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Google and Facebook rule the digital marketing sphere - by far. That you already knew. But what you might not know is that in spite of it being a multibillion-dollar tech company that has hundreds of products, Google’s main products and revenue generators are still in advertising – search advertising and display advertising. Today we’re going to guide you through the latter.
Google Display Network AKA the GDN
Display advertising on Google, simply put, is the banners appearing on the huge network of websites (more than 2 million) that are partnering with Google and enable you, as an advertiser, to reach 90% of Internet users. Also, as Google is the developer and owner of Android, the most common mobile operating system in the world, your display ads can potentially appear within apps available on the Google play store.
Google AdSense and Google Ads – what is what?
How does this work? How come you see ads appearing on lexpress.mu or dailymail.co.uk and even linkedin.com that are actually coming from Google?
The deal is that the website owner (commonly referred to as “the publisher”) lets Google deliver ads on its website, Google charges the advertiser for showing its ads on this space and then shares the revenue with the website owner. That is also called monetization of a website.
The platform used to connect between website owners and Google is called Google AdSense. If you’re a business that wants to show ads on the GDN, you would use the Google Ads platform, where you also create your other Google campaigns - Search, YouTube and App campaigns.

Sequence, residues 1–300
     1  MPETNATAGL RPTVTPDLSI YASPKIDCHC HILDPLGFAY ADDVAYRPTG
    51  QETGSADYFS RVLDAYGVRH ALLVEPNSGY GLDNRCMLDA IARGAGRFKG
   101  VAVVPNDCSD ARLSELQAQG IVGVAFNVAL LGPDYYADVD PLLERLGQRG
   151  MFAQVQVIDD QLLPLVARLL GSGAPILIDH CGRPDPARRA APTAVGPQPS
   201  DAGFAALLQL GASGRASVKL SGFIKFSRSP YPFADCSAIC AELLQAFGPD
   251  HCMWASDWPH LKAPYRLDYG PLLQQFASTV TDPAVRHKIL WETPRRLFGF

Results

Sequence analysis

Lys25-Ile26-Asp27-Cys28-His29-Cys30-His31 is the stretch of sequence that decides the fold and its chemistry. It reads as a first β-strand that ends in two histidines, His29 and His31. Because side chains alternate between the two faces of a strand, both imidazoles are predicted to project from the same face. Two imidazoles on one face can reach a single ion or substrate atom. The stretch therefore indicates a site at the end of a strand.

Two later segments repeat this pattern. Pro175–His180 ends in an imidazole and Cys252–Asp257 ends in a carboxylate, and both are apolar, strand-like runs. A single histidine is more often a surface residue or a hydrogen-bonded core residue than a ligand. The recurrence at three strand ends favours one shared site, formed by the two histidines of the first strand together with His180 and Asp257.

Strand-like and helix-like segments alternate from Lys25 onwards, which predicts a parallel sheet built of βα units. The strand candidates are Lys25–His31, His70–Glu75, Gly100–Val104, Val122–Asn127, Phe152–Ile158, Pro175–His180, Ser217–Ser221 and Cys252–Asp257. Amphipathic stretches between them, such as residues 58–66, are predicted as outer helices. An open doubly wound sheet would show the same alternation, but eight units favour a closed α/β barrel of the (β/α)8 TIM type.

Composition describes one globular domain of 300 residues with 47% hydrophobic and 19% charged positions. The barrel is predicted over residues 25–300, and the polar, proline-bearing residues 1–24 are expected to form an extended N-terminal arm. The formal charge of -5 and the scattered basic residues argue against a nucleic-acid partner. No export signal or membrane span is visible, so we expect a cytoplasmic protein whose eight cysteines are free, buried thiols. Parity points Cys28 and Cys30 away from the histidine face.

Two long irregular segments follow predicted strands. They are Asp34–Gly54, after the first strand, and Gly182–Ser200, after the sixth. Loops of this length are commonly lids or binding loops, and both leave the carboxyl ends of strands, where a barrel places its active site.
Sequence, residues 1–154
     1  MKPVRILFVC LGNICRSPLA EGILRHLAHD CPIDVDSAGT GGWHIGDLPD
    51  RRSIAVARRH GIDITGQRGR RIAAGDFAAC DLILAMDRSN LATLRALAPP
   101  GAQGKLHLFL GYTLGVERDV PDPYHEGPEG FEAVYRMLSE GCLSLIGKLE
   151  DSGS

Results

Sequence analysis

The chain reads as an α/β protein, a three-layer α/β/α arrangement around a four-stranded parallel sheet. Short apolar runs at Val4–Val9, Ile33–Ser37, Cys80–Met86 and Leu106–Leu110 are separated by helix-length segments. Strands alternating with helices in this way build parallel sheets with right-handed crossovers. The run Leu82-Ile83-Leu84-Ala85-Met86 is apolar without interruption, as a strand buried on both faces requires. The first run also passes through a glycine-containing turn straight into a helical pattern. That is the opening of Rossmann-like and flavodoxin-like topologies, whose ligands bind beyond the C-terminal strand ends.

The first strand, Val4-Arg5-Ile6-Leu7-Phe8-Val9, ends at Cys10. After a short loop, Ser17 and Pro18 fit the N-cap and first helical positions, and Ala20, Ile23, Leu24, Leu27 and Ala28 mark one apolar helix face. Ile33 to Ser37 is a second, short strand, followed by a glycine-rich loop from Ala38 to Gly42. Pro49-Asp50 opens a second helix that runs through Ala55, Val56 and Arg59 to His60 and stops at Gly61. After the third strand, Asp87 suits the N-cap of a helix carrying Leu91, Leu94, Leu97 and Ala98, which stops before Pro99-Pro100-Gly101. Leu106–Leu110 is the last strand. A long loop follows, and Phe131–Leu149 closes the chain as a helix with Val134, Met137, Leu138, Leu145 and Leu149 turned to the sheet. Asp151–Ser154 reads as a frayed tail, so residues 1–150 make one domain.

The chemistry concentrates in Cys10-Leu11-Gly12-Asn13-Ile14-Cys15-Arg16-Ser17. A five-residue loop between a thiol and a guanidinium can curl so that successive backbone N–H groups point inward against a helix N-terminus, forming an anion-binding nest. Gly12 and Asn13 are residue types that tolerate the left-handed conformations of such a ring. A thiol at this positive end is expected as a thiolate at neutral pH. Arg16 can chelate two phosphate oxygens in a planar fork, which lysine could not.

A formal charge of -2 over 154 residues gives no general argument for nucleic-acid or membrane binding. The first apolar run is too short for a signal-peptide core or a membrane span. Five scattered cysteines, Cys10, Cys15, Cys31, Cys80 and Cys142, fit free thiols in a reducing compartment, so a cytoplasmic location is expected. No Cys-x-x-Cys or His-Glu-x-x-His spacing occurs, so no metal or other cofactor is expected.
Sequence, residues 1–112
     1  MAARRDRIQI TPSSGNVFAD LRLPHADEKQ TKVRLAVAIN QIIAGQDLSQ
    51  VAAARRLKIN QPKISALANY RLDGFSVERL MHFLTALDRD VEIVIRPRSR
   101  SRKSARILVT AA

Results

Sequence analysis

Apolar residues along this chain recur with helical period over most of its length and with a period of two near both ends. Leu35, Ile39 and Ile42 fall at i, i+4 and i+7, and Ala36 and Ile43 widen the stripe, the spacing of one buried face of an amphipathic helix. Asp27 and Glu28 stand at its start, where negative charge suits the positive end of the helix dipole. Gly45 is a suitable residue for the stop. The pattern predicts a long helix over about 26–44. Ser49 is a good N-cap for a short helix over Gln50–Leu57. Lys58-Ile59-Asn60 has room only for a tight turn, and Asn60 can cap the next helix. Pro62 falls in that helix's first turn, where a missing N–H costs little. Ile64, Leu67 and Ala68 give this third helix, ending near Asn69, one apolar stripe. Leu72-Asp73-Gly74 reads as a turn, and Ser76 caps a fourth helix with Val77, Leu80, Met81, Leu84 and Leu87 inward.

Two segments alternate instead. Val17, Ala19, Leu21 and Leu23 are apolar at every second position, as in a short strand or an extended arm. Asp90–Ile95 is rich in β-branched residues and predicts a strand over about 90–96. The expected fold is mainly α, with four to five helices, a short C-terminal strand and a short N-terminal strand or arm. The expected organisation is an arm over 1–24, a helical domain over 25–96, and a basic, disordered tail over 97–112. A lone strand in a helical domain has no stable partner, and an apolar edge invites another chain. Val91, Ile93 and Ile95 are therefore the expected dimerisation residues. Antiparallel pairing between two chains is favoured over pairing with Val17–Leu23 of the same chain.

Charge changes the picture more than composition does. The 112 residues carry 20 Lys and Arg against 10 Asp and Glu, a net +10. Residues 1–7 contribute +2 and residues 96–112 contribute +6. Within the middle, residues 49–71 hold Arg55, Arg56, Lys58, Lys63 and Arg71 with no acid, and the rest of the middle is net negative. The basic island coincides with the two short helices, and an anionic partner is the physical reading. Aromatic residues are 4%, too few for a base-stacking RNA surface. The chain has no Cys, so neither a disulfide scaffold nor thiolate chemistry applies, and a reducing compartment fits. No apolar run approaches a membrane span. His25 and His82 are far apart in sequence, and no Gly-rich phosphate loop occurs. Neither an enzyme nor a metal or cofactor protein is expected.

Does the size matter?
A website doesn’t need to be huge in terms of traffic to start Google AdSense, however, volume does impact the publisher’s revenue. Not only that, the payout from Google is usually lower than what a potential advertiser will pay the website if they work directly with each other. Therefore, in many cases, websites – big or small - prefer to sell their advertising space directly to the advertisers.
At this point, you might ask a very “obvious” question – “Ok I do understand why a small blogger with a full-time job doesn’t want to bother with calling local businesses to sell advertising spaces but why would very big websites – like bbc.com – need Google? Don’t they prefer to assign to this task their in-house team to sell ad space and make more money?”
Well, that’s an excellent question and right on spot!
The answer is that yes, any website would prefer to sell their ads spaces directly to the advertisers and in fact, most of them do just that. But on top of that, they also use Google AdSense. The reason is that no sales team in the world can compete for the volume of advertisers that Google can offer, 365 days of the year. Furthermore, Google’s machines work 24/7 and are always able to bring on more and more advertisers, from all around the world (we assume you noticed ads from websites like Amazon or AliExpress on Lexpress.mu).